February 23, 2019
Wheaties boxes are plastered with the images of runners, swimmers, gymnasts, football players and other exemplars of stamina.
Ha. Mere sports stars have nothing on the handful of musical muscle masters with the guts and grit, power and KAPOW! to play the solo role in Tchaikovsky’s seldom-heard and absurdly difficult Piano Concerto No. 2 in G.
That was the ear-boggling opening act on the San Antonio Symphony’s Feb. 22 program in the Tobin Center. Victor Valkov was the indomitable pianist, and music director Sebastian Lang-Lessing conducted the concert, which closed with Robert Schumann’s über-gemütlich Symphony No. 3, “Rhenish,” in a performance of surpassing beauty and fluidity.
There are reasons – not good ones – why Tchaikovsky’s Second Piano Concerto has languished in the shadow of the ubiquitous and unavoidable First. The First has tunes that are easier to remember, but not better or more interesting. Nineteenth-century audiences didn’t know what to make of the Second’s unusual but supremely lovely andante, in which solo violin and cello have more prominent roles than the piano. The opening allegro rather sprawls, running about 22 minutes and featuring two long solo cadenzas, and that movement gives the soloist such a workout that the only reasonable sequel is a week at a Barbados beach resort with an unlimited supply of piña coladas – Tchaikovsky was right to let the soloist relax in the second movement.
Mr. Valkov’s association with San Antonio goes back to November of 2013, when he and his musical partner, cellist Lachezar Kostov – both Bulgarians who were then graduate students at Rice – agreed on short notice to play for a Camerata San Antonio concert. Mr. Kostov soon afterwards joined the symphony’s cello section (he has since moved to the Baltimore Symphony), and both quickly established themselves as major assets in local chamber music.
A few brief rough patches crept into Mr. Valkov’s performance of the concerto – just enough to establish the fact that he is, in fact, human, but not enough to detract from his brilliance and ferocity in the opening and closing allegros. When the score allowed it, in the middle movement and in some solo passages in the first, Mr. Valkov stopped to smell the roses with supple phrasing and authentic feeling. He summoned a huge sound from the Steinway but never seemed to overstress its capabilities. Concertmaster Eric Gratz and principal cello Ken Freudigman brought gorgeous sound and radiant warmth to the andante’s meaty double solo.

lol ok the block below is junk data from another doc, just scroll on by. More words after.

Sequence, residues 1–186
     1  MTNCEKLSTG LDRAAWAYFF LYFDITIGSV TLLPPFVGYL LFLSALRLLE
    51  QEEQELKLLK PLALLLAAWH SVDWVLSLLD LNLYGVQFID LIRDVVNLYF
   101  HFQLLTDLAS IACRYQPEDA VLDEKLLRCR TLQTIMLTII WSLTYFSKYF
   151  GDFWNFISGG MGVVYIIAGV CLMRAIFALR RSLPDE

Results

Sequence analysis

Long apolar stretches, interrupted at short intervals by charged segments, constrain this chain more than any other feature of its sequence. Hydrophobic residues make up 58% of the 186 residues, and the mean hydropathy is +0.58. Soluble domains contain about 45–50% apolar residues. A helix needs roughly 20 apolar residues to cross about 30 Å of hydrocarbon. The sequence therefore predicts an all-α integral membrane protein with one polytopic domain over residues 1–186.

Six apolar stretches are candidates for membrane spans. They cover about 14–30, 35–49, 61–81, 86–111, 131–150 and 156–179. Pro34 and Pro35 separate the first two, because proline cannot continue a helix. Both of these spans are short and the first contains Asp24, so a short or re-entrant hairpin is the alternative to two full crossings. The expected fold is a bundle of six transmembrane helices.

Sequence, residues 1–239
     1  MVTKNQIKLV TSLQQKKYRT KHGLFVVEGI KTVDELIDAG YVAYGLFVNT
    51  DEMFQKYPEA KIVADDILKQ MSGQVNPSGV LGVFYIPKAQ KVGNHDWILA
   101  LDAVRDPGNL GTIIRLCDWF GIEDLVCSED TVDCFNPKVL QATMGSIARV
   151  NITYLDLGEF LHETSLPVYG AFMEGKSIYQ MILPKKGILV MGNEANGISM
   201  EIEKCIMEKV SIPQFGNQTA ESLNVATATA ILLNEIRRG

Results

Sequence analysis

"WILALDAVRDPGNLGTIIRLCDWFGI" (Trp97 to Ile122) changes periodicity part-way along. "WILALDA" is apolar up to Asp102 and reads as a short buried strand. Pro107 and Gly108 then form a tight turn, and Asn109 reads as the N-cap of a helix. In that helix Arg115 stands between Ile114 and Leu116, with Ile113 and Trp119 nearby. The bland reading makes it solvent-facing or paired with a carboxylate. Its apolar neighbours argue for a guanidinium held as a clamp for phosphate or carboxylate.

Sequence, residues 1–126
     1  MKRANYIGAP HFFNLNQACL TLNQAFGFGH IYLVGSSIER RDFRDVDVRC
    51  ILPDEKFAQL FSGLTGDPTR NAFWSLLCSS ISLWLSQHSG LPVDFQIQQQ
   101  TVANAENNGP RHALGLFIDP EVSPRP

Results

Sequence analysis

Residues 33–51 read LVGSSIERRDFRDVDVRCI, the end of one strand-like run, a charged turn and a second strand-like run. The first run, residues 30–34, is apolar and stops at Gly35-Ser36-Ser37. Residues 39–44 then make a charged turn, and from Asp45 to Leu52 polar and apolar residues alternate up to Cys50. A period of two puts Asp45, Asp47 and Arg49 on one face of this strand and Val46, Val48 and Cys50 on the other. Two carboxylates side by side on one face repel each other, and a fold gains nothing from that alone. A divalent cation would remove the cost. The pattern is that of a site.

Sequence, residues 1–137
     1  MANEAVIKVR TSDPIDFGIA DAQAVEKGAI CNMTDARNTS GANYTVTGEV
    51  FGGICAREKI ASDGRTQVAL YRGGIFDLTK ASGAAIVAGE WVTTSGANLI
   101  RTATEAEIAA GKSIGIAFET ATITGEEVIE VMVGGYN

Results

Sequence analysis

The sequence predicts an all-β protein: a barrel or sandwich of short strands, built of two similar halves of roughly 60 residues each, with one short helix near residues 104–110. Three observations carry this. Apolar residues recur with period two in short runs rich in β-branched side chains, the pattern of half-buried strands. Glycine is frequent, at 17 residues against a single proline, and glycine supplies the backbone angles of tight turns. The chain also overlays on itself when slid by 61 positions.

Mr. Lang-Lessing knows his way around the Schumann symphonies. He had already recorded all four of them with the Tasmanian Symphony Orchestra three years before conducting the “Rhenish” on his 2009 San Antonio Symphony debut, when he became the instant front-runner to succeed Larry Rachleff as music director.
This performance matched the earlier one in its generally brisk tempi and rosy-cheeked robustness, but was miles ahead in its seamless sense of line, its intelligently wrought details, and the orchestra’s sheer beauty of sound and nimbleness of execution. Once again the horns made glorious contributions to the first movement. Indeed, the whole brass brigade had a splendid evening.
Jeannette SorrellPhoto: Roger Mastroianni
Out of the shadows, a tour de force
SA Symphony, SLL, Viktor Valkov